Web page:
And so the butterfly proposed to the mint at last.That's from "The Butterfly," by Hans Christian Andersen, Patricia Conroy translation. This is not the promised Pontoppidan excerpt post. I have interrupted Lucky Per off and on over the last couple of days to read Mr Andersen, and I wanted to put this snippet onto the blog because I might refer to it when I post some Pontoppidan stuff from Lucky Per very soon. It's the knowing fairy tale tone of voice I want to remember here. The breezy casual brutality.
But the mint stood stiff and still, and at last it said, "Friendship, but no more! I'm old, and you're old! We could live for each other very well, but get married--no! Let's not make fools of ourselves in our old age!"
And so the butterfly got no one at all. He had searched too long, and that is something one shouldn't do. The butterfly became a bachelor, as it is called.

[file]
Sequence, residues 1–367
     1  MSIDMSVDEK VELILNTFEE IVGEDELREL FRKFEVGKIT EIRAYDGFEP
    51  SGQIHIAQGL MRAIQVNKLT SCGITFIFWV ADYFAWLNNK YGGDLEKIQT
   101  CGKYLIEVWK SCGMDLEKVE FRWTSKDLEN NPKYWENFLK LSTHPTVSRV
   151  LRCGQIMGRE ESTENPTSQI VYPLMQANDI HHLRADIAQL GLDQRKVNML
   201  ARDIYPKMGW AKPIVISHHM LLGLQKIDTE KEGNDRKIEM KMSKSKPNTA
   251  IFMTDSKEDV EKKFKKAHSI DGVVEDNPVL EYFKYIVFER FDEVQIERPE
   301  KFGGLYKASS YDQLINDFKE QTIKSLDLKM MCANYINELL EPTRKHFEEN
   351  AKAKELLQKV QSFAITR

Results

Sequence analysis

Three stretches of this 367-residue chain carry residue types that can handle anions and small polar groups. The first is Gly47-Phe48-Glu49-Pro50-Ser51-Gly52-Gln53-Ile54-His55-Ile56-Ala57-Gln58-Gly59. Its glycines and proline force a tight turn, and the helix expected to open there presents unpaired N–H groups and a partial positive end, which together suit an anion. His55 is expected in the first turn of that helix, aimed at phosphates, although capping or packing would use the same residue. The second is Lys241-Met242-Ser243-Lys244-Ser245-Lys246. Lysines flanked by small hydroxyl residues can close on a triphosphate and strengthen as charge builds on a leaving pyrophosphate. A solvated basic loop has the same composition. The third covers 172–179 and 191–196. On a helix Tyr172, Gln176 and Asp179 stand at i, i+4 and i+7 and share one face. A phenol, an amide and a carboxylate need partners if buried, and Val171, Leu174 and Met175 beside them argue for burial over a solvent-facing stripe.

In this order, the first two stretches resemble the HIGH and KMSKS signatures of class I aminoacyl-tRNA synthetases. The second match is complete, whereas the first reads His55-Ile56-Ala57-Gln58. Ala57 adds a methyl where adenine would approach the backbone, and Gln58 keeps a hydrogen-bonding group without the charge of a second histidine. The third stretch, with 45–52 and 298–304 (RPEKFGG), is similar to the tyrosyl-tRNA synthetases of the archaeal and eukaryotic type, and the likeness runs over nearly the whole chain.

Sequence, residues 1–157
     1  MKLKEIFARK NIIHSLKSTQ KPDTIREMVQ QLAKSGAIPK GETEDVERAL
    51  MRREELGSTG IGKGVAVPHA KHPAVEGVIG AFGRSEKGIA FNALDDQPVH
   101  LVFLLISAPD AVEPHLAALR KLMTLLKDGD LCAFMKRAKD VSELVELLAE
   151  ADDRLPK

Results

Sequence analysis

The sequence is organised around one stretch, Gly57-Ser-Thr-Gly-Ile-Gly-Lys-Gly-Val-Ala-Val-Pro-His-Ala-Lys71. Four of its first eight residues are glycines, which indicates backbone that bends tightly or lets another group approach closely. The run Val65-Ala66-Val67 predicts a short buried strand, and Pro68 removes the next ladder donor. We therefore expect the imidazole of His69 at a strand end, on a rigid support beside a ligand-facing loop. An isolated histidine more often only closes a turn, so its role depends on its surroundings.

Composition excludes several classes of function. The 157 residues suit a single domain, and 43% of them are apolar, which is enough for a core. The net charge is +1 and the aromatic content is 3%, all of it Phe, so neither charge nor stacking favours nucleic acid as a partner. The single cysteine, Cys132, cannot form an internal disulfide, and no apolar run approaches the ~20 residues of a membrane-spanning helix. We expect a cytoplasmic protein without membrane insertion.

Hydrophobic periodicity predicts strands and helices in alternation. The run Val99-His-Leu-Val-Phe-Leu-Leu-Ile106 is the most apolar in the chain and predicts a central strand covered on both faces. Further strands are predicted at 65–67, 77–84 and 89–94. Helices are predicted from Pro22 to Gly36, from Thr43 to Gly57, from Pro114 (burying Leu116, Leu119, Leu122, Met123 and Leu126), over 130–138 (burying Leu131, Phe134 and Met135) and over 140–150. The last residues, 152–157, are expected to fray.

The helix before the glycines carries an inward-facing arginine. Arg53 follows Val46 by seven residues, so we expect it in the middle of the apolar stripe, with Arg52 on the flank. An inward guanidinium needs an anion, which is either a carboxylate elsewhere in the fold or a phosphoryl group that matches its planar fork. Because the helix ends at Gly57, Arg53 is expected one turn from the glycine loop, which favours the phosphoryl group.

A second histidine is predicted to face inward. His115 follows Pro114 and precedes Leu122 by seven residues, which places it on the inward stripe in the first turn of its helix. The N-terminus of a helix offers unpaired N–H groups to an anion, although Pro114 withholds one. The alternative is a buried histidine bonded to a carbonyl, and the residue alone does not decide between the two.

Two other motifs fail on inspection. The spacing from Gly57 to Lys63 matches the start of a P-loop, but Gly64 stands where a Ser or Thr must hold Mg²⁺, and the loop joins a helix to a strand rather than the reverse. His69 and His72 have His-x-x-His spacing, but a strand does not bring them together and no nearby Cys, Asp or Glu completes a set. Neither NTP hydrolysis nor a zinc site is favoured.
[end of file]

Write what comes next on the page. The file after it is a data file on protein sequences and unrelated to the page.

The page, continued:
It was late autumn with rain and drizzle. The wind sent shivers down the backs of the old willow trees so that they creaked. It wasn't good flying outside in summer clothes--you'd be in for an unpleasant surprise, as they say. But the butterfly didn't fly outside, either. He had accidentally gotten inside, where there was a fire in the stove, yes, just as hot as summer. He could survive. But "surviving isn't enough!" he said. "One must have sunshine, freedom, and a little flower!"
And he flew against the windowpane, was seen, admired, and stuck on a pin in the curio chest. More could not be done for him.